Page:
Saturday, 25 September 2010

Guardian Film Power 100 List: Hollywood Owns UK Film Culture Shocker!

The Guardian has just published its Film Power 100 list – a list of people who wield “the greatest influence on which films you get to see when you go to the cinema on a Saturday evening, or turn on the TV to catch a movie.”

Their methodology: “Our definition of power is this: the ability to shape the experience of film viewing in the UK. That means it's not just a list of British film figures. Nor is it a run-through of Hollywood moguls: everyone on our list has to have demonstrable influence within the UK.”

Montagu’s analysis:

So, who controls British film culture? The answer, unsurprisingly, is Hollywood. With the exception of Culture Minister Ed Vaizey, the top ten people are all Hollywood figures. Vaizey himself only made the list because he is currently deciding which British institution will be in charge of giving the government’s £30m subsidy to Hollywood after the abolition of the UK Film Council. Working Title producers Tim Bevan and Eric Fellner come in at number 12, which itself is a reflection of the need to orientate British films towards Hollywood and the American-dominated international market in order to be successful, which is basically what they do. The first figure who can make a genuine claim to be relatively independent of Hollywood is Danny Boyle who comes in at number 31. We have to get to 33 places down on the list before we see a British production company represented – Channel Four’s Commissioning Executive, Tessa Ross, which is a reflection of C4’s continuing and longstanding importance. At 36 we have Christine Langan, Commissioning Executive at BBC Films. Geoff Andrew, Head of Film programming at BFI Southbank is the only British Film Institute figure to make the list, which is, perhaps, surprising.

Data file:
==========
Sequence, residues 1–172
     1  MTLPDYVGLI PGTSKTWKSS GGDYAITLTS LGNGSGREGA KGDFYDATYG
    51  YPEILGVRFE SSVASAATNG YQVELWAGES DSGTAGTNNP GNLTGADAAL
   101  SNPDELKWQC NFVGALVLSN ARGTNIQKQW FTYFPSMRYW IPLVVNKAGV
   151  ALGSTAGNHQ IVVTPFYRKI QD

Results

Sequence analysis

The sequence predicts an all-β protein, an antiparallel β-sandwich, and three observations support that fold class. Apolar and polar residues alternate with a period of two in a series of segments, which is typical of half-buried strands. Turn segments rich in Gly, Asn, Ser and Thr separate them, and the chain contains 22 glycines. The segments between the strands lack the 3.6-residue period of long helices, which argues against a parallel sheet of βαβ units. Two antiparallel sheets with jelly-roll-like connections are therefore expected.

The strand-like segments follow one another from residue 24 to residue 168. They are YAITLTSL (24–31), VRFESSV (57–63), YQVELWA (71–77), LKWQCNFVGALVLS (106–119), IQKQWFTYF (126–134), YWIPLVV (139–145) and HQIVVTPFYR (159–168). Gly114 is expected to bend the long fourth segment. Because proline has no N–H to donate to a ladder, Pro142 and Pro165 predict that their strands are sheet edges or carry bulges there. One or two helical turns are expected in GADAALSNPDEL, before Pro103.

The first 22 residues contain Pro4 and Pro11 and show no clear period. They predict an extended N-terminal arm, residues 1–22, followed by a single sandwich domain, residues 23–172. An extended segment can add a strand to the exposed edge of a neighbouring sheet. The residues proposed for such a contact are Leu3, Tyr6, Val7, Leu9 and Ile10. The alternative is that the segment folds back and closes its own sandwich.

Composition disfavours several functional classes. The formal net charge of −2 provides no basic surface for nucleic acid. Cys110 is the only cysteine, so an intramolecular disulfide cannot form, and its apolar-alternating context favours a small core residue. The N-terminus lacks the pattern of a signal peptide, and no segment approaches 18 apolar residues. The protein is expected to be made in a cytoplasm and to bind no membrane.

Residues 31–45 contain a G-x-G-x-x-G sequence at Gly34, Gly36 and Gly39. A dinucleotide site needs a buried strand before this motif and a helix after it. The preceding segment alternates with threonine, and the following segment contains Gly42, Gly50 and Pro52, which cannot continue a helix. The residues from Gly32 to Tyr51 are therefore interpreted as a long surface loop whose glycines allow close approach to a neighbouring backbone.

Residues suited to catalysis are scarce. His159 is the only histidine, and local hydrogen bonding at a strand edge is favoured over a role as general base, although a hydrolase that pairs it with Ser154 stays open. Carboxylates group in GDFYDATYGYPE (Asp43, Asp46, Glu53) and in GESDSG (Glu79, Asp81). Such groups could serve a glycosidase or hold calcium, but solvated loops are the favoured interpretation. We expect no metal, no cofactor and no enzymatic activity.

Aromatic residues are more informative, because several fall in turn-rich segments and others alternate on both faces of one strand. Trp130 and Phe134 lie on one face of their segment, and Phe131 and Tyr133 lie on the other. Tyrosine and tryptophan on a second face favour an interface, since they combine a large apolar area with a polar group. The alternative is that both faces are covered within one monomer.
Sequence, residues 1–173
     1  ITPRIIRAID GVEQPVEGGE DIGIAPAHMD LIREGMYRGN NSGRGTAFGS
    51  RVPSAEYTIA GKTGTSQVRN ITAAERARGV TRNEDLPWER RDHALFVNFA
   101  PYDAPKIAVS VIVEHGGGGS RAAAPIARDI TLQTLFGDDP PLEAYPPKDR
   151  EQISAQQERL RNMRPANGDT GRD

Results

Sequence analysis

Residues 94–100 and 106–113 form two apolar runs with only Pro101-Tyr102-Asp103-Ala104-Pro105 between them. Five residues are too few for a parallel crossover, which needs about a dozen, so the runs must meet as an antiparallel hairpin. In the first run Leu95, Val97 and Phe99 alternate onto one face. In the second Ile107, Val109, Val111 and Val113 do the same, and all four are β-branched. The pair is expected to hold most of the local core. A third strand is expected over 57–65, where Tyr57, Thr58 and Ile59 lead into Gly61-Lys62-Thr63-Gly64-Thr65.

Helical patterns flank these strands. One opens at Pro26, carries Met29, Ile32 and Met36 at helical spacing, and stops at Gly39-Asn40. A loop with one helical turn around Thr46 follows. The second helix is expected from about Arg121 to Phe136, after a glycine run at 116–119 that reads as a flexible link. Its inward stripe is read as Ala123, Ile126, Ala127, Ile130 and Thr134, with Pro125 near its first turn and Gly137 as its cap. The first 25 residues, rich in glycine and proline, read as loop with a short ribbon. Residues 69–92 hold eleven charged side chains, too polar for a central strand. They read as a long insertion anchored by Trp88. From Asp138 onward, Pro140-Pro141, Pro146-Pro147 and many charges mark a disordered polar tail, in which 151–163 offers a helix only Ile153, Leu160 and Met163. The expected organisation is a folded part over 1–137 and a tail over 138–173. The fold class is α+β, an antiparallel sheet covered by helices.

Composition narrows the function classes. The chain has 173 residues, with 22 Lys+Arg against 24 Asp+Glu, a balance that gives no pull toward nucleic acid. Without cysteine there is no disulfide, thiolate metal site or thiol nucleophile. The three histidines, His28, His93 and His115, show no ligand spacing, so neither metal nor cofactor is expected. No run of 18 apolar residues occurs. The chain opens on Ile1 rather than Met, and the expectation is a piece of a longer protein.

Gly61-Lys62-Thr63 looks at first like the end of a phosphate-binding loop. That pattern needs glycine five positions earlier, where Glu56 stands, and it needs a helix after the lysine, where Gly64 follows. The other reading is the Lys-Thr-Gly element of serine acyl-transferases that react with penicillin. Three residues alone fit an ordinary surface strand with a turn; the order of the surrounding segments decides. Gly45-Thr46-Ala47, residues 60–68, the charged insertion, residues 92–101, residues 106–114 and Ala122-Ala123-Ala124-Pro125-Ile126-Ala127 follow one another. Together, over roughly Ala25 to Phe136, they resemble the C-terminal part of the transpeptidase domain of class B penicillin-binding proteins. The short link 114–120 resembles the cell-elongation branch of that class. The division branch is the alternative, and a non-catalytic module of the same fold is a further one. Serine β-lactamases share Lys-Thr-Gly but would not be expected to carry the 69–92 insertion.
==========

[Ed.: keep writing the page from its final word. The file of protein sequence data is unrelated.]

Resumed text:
Will this influence Vaizey in his current negotiations? Probably not.

This is not really "news", but it is a problem. It's not a problem in reductively nationalist terms, which is how the national cinema issue often plays out - a cultural equivalent of the "British jobs for British workers" slogan. It's a problem because it demonstrates the extent to which the decisions about what people get to see in this country - and elsewhere - are determined by a tiny minority of distant, unaccountable power players. The Guardian Film Power 100 list is a reflection of a profoundly undemocratic film culture.

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